Saturday, December 7, 2019

Rockin’, Rollin’ and Explorin’ Music in the Northern Florida Woods

Rumination from the Rock and Beyond

Tara from Donna the Buffalo plays many instruments and always gives 100% to her followers.

If you haven’t been to a Florida music festival, you’re missing an experience that will tug at your memory strings forevermore. Along with other music festivals in various states for that matter.

Our most recent musical jaunt was to the 4th Annual Suwanee Roots Revival in Live Oak, Florida in the Spirit of the Suwannee Music Park. It’s about a five hour drive from our “neck of the woods” and a little longer if you take the more scenic route, which we do often.

The festival is located in ancient oak tree and Spanish moss territory about 90 minutes from Gainesville through the beautiful back roads, flanked with older two-story homes with lots of character, antique stores, and Mom and Pop cafes. There’s a popular destination called High Springs with a great restaurant, reasonable housing and land prices (at least less than prices in Gainesville) and close enough to commute to Gainesville for work or school.

After getting in line to pick up tickets and getting wristbands, we wander through the campground to the designated site, unpack, set up, study the program and plan out the times and groups we want to see. Besides tents and campers, they also have cabins to rent in the park.

The colorful, tie-dyed sheets used to partition camping sites brought creativity to each site. Gatherings and friendly chatter surrounded us. I would have added camp smoke to the list, but due to the drought, campfires were not allowed so no s’mores!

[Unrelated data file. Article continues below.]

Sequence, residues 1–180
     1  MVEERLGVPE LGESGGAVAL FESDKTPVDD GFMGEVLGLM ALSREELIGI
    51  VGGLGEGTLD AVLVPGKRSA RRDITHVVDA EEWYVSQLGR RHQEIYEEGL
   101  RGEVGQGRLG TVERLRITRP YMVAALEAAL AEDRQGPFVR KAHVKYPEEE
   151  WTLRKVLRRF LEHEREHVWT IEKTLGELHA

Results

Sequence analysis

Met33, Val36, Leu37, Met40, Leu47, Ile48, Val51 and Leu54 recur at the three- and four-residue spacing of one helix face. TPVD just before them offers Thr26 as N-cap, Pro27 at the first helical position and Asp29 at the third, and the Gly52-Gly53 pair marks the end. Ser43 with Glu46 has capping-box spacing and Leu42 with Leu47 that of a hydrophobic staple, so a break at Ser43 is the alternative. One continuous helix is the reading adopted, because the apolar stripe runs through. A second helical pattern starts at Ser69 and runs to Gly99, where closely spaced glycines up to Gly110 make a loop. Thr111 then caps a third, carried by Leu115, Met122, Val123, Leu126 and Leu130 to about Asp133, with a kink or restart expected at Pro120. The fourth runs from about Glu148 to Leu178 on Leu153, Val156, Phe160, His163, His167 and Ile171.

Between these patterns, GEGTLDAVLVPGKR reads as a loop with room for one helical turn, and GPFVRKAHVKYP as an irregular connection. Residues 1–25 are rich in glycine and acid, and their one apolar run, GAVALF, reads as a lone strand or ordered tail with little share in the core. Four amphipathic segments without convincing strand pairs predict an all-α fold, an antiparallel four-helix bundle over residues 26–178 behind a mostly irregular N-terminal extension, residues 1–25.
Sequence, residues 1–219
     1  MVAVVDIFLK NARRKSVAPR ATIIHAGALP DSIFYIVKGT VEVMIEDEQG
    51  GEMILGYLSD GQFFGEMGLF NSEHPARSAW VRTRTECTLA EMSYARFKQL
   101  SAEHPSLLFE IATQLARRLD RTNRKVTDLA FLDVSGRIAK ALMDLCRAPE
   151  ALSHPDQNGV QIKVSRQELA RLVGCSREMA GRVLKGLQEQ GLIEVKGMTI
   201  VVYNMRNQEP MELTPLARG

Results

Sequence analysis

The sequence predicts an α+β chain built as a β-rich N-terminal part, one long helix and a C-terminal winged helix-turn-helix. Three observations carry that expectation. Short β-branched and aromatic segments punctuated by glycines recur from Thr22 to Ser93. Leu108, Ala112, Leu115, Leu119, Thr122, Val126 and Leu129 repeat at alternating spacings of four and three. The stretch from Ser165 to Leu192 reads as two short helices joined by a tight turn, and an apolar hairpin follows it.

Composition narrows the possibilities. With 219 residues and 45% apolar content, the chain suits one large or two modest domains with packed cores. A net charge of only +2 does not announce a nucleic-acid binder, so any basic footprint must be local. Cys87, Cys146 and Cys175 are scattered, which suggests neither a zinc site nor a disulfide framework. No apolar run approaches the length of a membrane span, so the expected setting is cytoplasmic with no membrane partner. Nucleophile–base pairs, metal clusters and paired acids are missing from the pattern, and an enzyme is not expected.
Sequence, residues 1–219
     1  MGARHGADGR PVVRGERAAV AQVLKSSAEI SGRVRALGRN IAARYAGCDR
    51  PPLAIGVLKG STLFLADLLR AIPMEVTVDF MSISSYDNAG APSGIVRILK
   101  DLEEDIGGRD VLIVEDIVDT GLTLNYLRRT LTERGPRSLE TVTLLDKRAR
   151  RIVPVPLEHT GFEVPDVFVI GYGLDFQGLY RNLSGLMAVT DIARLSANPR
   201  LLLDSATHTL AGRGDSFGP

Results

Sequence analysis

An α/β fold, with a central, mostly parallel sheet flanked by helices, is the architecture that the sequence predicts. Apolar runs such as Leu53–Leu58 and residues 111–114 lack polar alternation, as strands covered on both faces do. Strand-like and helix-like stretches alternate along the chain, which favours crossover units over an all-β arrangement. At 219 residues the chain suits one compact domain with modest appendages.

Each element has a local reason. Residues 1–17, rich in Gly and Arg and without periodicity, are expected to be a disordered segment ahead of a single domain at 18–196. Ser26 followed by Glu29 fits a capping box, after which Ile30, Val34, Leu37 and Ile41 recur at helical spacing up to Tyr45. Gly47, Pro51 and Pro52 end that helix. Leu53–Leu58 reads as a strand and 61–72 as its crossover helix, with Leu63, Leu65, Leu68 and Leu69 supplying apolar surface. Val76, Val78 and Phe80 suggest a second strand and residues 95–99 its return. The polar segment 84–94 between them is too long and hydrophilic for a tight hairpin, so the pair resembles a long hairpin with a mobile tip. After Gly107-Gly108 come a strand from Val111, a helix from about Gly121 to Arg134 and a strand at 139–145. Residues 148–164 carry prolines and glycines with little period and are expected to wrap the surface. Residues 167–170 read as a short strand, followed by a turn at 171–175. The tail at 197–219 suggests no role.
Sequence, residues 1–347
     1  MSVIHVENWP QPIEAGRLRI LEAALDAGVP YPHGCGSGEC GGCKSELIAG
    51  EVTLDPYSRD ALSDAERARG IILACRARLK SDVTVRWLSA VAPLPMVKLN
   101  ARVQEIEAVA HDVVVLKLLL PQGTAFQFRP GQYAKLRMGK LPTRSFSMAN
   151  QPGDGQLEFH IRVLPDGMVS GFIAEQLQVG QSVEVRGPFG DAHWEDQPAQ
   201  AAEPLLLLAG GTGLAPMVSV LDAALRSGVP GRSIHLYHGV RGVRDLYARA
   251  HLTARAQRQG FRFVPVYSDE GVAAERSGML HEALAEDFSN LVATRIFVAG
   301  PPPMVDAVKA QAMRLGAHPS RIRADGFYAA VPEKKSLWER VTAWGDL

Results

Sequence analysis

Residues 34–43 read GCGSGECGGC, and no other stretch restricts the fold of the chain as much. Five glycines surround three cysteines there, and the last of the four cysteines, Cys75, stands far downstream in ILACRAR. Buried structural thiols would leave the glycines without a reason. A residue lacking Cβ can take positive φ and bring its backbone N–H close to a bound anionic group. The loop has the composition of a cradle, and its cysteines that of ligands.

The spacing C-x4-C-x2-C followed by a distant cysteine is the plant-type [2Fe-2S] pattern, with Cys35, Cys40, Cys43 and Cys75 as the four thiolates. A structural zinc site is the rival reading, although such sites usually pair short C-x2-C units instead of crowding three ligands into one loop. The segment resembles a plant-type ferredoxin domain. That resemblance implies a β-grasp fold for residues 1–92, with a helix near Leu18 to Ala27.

The festival begins on Thursday at 3 PM and continues to 1 AM – yes AM, and the other days vary by starting earlier and ending later to provide more access to all the incredible bands, solo acts, duos, trios and just about every number and flavor of music and magic. Yes, there is even a variety comedian who includes magic in his act so I decided to go watch what new tricks would be stunning the audience. The crowd was thin at that time of the morning, but Jeff Bradley had a humorous patter and some astonishing acts of balance.

The opportunities for families and kids are engaging and fun, including juggling, “craftastic projects,” a clown, percussion and ukulele playshops,(rather than “work”shops), a talent show, carnival and more. If you are a bonafide musician or just learning, there are opportunities for all levels of ability to enhance your knowledge. From creating art, writing and transforming a poem to a song, yoga, an introduction to a new instrument or just sitting around with musicians at all levels to jam as long as your fingers hold out. Drum Circles? Yes, and thankfully far away from our campsite. AA meetings in quiet areas, a General Store, no mosquitoes or no-see-ums and beautiful scenic wooded sites to relax in. The store carries beer, wine, ice, clothes, coffee, power-converters, and other things that campers forget.